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THE ALLIANCE, HERALD, FRIDAY, SEPTEMRER 23, 1921.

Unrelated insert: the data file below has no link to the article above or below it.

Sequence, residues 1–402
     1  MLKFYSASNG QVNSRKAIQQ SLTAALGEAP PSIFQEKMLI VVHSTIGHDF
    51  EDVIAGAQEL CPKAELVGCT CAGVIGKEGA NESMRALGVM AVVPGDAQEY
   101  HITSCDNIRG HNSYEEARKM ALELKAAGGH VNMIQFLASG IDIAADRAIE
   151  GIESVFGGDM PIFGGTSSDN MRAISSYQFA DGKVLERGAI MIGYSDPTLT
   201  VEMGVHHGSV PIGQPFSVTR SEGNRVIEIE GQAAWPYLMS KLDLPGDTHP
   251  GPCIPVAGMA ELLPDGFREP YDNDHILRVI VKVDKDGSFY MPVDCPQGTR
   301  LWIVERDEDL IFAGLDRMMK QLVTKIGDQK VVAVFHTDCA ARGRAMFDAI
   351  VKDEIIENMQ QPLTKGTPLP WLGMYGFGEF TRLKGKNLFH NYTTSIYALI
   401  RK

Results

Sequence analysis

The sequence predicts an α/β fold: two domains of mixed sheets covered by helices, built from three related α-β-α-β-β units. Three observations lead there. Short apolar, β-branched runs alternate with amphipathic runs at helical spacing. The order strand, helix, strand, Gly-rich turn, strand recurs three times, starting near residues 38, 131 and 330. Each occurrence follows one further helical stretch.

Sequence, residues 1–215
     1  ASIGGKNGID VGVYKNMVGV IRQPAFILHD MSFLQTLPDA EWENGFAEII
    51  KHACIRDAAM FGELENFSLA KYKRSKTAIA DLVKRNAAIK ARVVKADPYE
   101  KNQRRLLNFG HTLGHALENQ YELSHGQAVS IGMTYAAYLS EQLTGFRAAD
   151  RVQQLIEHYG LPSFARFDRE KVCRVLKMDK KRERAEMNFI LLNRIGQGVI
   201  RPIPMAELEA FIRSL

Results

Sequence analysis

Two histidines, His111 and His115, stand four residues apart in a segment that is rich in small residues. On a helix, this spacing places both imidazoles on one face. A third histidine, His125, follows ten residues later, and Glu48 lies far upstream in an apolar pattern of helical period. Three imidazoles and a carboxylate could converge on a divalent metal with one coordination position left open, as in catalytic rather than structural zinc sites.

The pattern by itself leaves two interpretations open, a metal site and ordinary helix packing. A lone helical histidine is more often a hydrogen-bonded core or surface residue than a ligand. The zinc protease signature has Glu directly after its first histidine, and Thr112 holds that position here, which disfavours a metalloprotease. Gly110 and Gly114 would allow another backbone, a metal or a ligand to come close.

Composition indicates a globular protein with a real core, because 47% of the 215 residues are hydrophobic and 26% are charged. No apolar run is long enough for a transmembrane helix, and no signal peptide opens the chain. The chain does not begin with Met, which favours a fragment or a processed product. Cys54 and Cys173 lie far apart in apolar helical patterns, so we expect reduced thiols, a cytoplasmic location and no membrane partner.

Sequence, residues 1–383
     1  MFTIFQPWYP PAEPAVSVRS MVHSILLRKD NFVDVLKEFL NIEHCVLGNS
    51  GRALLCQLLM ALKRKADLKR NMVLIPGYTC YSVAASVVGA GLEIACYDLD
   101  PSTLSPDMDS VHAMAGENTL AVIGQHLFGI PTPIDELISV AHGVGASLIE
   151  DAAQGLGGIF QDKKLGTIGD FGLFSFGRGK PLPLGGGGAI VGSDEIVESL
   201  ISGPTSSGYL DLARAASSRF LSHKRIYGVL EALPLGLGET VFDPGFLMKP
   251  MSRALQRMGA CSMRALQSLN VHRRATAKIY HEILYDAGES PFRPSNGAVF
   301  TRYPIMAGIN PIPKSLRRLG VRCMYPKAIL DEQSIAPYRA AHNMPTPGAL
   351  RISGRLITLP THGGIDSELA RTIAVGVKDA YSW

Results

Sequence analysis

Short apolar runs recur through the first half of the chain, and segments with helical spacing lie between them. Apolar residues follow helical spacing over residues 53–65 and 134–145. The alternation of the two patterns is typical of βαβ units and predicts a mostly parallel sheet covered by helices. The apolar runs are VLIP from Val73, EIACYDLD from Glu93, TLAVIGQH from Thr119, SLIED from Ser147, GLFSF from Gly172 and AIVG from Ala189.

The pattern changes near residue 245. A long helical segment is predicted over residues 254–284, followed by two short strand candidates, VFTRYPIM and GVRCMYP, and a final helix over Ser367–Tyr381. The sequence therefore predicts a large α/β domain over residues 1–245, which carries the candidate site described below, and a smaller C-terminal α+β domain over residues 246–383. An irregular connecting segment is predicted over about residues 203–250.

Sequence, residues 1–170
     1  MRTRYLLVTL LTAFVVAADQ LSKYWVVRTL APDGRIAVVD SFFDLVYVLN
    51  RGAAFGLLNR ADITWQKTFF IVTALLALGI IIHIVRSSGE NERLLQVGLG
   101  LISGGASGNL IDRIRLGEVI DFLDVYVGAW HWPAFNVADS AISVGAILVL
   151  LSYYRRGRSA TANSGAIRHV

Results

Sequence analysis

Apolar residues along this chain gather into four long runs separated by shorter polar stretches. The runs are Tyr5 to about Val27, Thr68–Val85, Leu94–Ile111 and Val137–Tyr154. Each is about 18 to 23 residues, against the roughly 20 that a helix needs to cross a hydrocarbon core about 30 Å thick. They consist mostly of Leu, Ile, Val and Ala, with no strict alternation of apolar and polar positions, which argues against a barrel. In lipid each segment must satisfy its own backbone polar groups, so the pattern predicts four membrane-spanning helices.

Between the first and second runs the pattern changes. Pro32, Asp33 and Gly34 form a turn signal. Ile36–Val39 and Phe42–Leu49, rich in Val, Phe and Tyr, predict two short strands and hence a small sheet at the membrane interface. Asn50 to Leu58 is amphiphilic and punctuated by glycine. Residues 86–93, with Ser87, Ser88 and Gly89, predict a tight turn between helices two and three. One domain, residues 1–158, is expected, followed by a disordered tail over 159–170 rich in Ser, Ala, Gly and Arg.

Dramatic Fight Is Won for One-Cent Fare to the Legion Convention ,The long, dramatic fight for a 1-cent a mile railroad rate for the convention of the American J-epion here this fall lias hern won, says the Kansas City Star. ! Word of the victory was received by A. E. Hutching, chairmm of the convention committee. It was from the trunk lines' association. The f tc-, tion of the association guarantees the 1-cent fare from every corner of the country to veterans and their families leiring to attend the convention. , The fare is effective in connection ith Pullman cars also. Previously the low rate had been confined to per sons who would apice to ride in day oaches only. It was in the fight for the low fare for the legion convention that Com manded Ga'.braith lost his life in a mo tor car accident near Indianapolis List June. He was hurryinp to catch a train for Chicago, where he was to ap pear the next day before the Western Passenger association to plead for a low fare for the veterans reunion. The death of Commander Galbraith was a severe shock to the men en gaged in the negotiations with the railroads. He was a forceful speaker 3ind his wide acquaintance among the passenger agents of the country gave jiis arguments much weight. ' But the fight could not stop. Busi ness men of Kansas City and other cities were called from their desks and -thrown into the line like reserves. They were sent to Chicgao, New York 'Washington and Philadelphia to bring the fare tiuestion to the attention of railroad presidents and passenger aigents. Telegrams were showered on rail road managers from every corner of the country- Every argument that could be used was filed for considera tion. And when the hearings were called legion officials and business men were present to argue their case -as before a court. The Western Passenger asociation, at a meeting in-Chicago, said the bet that could be done for the veterans vas a round trip rate equal to a fare and a third That was broken down a few weeks later and the association agreed on a fare of 1 cent a mile in lay coaches. Pullman service at that time was prohibited. Next came a meeting of the Trunk Lines' association in New York, repre senting all lines east of Chicago. Mr. Hutchinirs and other legion officials and business men prepared a brief to Dresent in behalf of the legion conven tion. It carried all the arguments presented to the other associations at Chicago. After due consideration trie astem association granted the 1-cent fare and opened the Pullmans to the veterans. BLACKROOT Mrs. W. A. Dyer helped Mrs. Lorn Dyer cook for threshers several days last week. liarlnn Meeker was on the sick list one clay last week. Mr. and Mr. Ivor Meeker spent Sunday afternoon at Jay Hall's. On returning home they found Mr. and Mrs. Weddell who visited the re.-t of the evening at Ivor's. Mr. and Mrs. Joe Homer motored to Scottsbluff Saturday. Pete Farrell and John Murphy mot ored to Scottsblufr Thursday, return ing Saturday. They went over to Mit chell to attend the fair one day. Cal Lets and family and Mr. and Mrs. Marshall Sheldon went to Scotts blufT Saturday to get tomatoes. Mrs. Kolieit Mitchell and small son returned home Tuesday from Lincoln where she haj been for the past month. Robert Mitchell and mother and and Lorn Dyer1 motored to Scottsblulf Saturday. Mrs. M'tchell has been keeping house for Robert during his wife's absence. Mr. and Mrs. John Caha, Mr. and Mrs. Joe Kennedy and Mr. and Mrs. Cal Leis spent Sunday at Charles Hookham's. L. E. Hood went to town Monday ' alter a load of coal. Cary Johnson and L. L. Dyer went to Scottsbluff one day last week. Mrs. Roy Grosse helped Mrs. Dyer cook for threshers Saturday. Koy Grosse and brother and Ed Dyer went duck hunting Saturday. Timers Saturday's attraction U Annette Kellerman in "'A Daughter of me God," one of the biggest movin.t pic ture plays ever produced, and still a favorite wherever it ia shown. "Eyes of the Heart" will be shown Sunday, with Mary Miles M inter in the leading lole. Miss Minter i seen in a role entirely different from r.ny thing she has ever before attempted and her success is a splendid tribute to her remarkable versatility. As a young blind girl she gave a remark able convincing picture. An operation give. her sight when she Is 1 ixtren and her utter disillusionment 'n her friends and her sordid home make a situation of intern dramatic interest. The young star gives a rowerful as well as beautiful characteritation that; will undoubtcly stand out as one of her most noteworthy productions. it is a story of savage love and hafe S big human drama enacted in the pient outdoors amid the wonderful scenery of the Rig Horn mountains in the old Indian country. Over a thou sand Indians take part in the produc ts n, and special features are the showing of tribal rites, customs and methods of warfare. The w omen's Guild of the Episcopal church will hold a food sale at the Duncan grocery, beginning at 2 p. m. Saturday September 24. 86 They saved the life of a man who went in swimming with his wooden legs on, which is all right but how docs he know how the water is? There are two ways to eat fried chicken, the dainty way and the right way. BACK BAD TODAY? Backache is usually kidney-ache and makes you dull, nervous and tired Use Donn's Kidney Pills for weak kid neys the remedy recommended by your friends And neighbors. Ask your neighbor! Mrs. E. E. Bates, 114 Platte Ave., Alliance, says: "I have great con fidence in Doan's Kidney Pills. They have saved me many doctor bills in the pnst twenty years. I have occa sional attack. of kidney complaint r.nd if I neglect it 1 suffer a great deal with my back. I get lame across the ;mall of my back and I can hardly get around to do my work. If I stoop over I get dir.zy and can hardly see. I get Doan's Kidney Pills nt TMele's Drug Store and take them just as directed. They always cure me of tfc attack." lricc fOc, at all dealers. Dw'fc !iHy r-ir for a kidney remedy rt Doan' Kidney Pills the sam that i...... ii.ur.4 n. .d. r'oster-Milbuifi C., Mfrs., Buffalo, N. Y. 5 NOTICE TO ODDFELLOWS Grand master Nayolr will be with w next Tuesday night on an official visit Your attendance is requested OTTO SNYDER, Set Next Monday's attraction is a chow-. ing" of the first and only Indian pic ture ever produced, not a single pale face having a place in the; cast The title is "Before the White Man Came," and th eubiquitous press agent says HUNTERS TAKE NOTICE. , Absolutely no hunting allowed en my place. R3-lt-p, E. E. FENNER. As things are now, skirting a 8lr. jcit Is far from covering it. Another Warning That It's Against the Law to Make Home Brew Warning that the making of intoxi cating "home brew" is illegal, has been issued by Prohibition Commis sioner Haynes at Washington. Num erous inuuirics have been received, he said, concerning home manufacture of fruit juices growing out of reports that a head of a household was en titled to make 200 gallons of wine a year under permit. Yes it's toasted, of course. To seal in the flavor iwa. In Jfie William Russell in "Colorado Pluck" is the feature at the Imperial tonight Russell appears as Colorado Jim, who has slaved for his "pile" and who seeks recreation and excitement on New York's gay life. He encounters the son of Lord Featherstone, who has come to America heire3S-liunl.ing lut falls into the web of an adventuress. Nothing more ludicrous could be pic tured than the desperate effort made by Jim to master the manners, tiress and customs of the English titled tet Jim falls in love with and marries Reggie's sister who 'oves Jim's money and eventually faces a deplet ed exchequer through investment losses. Jim's return to mining in Am erica and the ultimate scenes between the miner and his wife lead to a beau tiful climax. uutKmuummmmnnsn: Save Your Old Clothes ! lit w: This is time of the year when the clothes of last winter are removed from the Cedar Chest and sent to the DRY CLEANER. And in doing this you should use the utmost care in sending them to the most re sponsible place in your town or vicinity, one who is careful and the best work obtainable. Send your next suit to THE KEEP-U-NEAT Phone 133 CLEANERS 207 Rox Rutte HIGHLAND HOLLOW AY CO.'S Big Money Savin Sale us Remarkable values are now offered in seasonable as well as dependable merchan dise. Get you fall and winter outfit now and get a full seasons service out of it. SILK JERSEY Petticoats and Bloomers $4.50 MUNSING UNION SUITS $1.32 SATEEN PETTICOATS $1.50 CORDUROY CAMBRIC $5.50 DRESS SKIRTS $4.98 LADIES' SAILOR HATS $3.00 GIRL'S HOSE All Sizes, Black 29c GIRL'S SALEM BLOOMERS 79c SILK JERSEY SWEATERS $10.98 TAMS Red, Navy, Black, Brown $1.00 Wooltex LADIES' SUITS $23.75 ROMPERS 49c GIRL'S KNIT BLOOMERS 69c New Model FALL DRESSES $10.95 ALL WOOL MIDDIES $6.25 Girls' Knit UNION SUITS 78c WINTER COATS $15.00 BOYS' HATS $1.00 BUNGALO APRONS 98c Lace and Organdie COLLARS 59c